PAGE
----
Digital health tools that utilize artificial intelligence can help medical professionals and patients save time, boost accuracy, and create more personalized medicine. In addition to telemedicine, AI-powered systems can also improve treatment for various conditions, such as heart disease and chronic illnesses. They can also help patients track their health-related goals and make better decisions about their own health care.
Some consumer-facing digital health services provide early warnings of risks and diseases, such as the COVID-19 pandemic lockdown where smartphone apps enabled people to systematically trace contacts, or air pollution alerts for those with respiratory illness. Other devices, such as implants and wearables, transmit data that can be monitored remotely to support a person’s daily routine and provide an extra layer of protection.
These innovations meld technologies and combine them in unique ways to address the needs of a range of healthcare stakeholders, including consumers, medical practitioners, and technology developers. Many of these solutions rely on big data sets that contain personal medical information, such as lab test results, MRIs, billing records, prescriptions, and more. This can raise concerns about privacy and security, especially in the case of data breaches that expose sensitive personal information.
Digital health solutions are being developed to address a wide range of challenges that face the health industry, including access and convenience for patients who can use these tools to interact virtually with medical experts rather than going to the hospital. This allows hospitals to focus on their most urgent care and to better allocate staff resources. It can also reduce the burden on medical students and residents to gain experience in a clinical setting.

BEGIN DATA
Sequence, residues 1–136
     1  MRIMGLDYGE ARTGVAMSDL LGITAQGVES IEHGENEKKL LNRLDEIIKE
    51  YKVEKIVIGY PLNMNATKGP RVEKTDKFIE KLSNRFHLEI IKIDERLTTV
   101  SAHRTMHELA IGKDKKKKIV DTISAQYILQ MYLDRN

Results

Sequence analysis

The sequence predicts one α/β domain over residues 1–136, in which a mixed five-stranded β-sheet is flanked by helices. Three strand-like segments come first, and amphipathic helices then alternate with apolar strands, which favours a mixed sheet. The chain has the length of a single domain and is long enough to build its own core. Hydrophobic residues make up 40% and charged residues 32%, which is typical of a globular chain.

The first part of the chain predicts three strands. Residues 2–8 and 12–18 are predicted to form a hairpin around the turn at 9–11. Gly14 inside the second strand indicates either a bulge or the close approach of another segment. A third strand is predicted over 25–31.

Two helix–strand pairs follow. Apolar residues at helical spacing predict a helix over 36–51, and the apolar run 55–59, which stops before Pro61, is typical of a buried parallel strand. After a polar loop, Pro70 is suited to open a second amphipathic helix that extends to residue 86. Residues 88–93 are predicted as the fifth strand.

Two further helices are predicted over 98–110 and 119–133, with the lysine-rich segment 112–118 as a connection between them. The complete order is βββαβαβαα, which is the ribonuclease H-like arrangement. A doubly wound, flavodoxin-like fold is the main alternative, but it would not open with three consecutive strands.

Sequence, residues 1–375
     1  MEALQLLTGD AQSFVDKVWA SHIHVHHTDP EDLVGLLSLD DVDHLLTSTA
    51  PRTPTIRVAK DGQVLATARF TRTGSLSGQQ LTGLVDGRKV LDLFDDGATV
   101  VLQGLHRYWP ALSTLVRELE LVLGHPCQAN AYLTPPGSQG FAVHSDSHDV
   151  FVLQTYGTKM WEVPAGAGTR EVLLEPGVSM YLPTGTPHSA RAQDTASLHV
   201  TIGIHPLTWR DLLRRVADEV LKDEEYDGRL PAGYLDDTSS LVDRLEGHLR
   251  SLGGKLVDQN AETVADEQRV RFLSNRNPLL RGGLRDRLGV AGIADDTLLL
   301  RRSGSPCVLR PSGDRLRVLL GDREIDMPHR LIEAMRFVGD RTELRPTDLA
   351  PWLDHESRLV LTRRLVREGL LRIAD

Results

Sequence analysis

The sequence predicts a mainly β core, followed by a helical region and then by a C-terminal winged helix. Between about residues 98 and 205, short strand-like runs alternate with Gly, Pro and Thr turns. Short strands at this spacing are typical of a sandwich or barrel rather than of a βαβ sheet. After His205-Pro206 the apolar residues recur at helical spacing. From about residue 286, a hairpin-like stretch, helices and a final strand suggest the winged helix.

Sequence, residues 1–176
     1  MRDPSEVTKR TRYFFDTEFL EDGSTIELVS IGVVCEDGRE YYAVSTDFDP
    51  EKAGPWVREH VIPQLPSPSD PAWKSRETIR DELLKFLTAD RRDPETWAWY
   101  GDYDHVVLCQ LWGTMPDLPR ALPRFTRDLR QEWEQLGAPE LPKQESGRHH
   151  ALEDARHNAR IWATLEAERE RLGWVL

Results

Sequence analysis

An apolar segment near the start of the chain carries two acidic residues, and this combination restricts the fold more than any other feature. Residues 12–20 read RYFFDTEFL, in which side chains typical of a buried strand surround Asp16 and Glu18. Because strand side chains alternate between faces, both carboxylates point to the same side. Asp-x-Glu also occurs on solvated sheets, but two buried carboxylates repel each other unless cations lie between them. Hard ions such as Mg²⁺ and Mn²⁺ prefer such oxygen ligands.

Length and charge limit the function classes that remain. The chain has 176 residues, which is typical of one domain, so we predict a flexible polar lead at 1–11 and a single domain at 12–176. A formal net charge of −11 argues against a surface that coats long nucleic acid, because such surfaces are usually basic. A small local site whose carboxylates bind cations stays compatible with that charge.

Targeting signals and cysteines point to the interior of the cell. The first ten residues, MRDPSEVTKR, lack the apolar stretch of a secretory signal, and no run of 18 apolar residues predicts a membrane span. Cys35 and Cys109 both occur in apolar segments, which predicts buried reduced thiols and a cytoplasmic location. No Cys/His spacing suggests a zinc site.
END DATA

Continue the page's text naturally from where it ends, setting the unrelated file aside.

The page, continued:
Big data is a new technology that allows the analysis of large amounts of information in order to find useful patterns and trends. In healthcare, this type of analysis can help identify potential risks in patients and improve treatment for diseases. It can also be used to make better decisions in the business world, including managing risk and improving customer service.
Digital health technologies allow medical professionals to track patient outcomes more closely and provide personalized care for patients. These technologies can also be used by consumers to monitor their own health and wellness-related activities. As a result, these tools are becoming increasingly popular. They can also help reduce inefficiencies, costs and increase access to healthcare for all.
The increased use of digital health technologies in healthcare is creating a need for new data formats and storage methods. The influx of data includes personal medical records, radiology and fluoroscopy images, clinical trials, surveys, demographic data, human genomes, sensor technology data, and other new sources. In addition, the data is stored in a variety of systems that use different coding languages. As a result, there are many challenges with data interoperability.
As digital health technologies become more common, they are transforming the way healthcare is delivered. These innovations include telehealth, wearables, and AI. However, it is important to note that these technologies are not without their own problems, including ethical concerns.